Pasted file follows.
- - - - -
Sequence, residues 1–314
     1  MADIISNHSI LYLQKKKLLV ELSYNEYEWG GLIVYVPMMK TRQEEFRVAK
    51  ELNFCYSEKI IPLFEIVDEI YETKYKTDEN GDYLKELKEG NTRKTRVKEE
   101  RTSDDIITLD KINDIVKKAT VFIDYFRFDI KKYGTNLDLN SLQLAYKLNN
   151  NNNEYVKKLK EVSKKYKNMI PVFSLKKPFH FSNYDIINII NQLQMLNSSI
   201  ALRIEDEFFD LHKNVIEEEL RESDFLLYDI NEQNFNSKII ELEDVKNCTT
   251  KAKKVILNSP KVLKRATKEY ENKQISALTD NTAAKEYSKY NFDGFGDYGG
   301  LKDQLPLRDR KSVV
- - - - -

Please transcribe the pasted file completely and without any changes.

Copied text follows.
Sequence, residues 1–314
     1  MADIISNHSI LYLQKKKLLV ELSYNEYEWG GLIVYVPMMK TRQEEFRVAK
    51  ELNFCYSEKI IPLFEIVDEI YETKYKTDEN GDYLKELKEG NTRKTRVKEE
   101  RTSDDIITLD KINDIVKKAT VFIDYFRFDI KKYGTNLDLN SLQLAYKLNN
   151  NNNEYVKKLK EVSKKYKNMI PVFSLKKPFH FSNYDIINII NQLQMLNSSI
   201  ALRIEDEFFD LHKNVIEEEL RESDFLLYDI NEQNFNSKII ELEDVKNCTT
   251  KAKKVILNSP KVLKRATKEY ENKQISALTD NTAAKEYSKY NFDGFGDYGG
   301  LKDQLPLRDR KSVV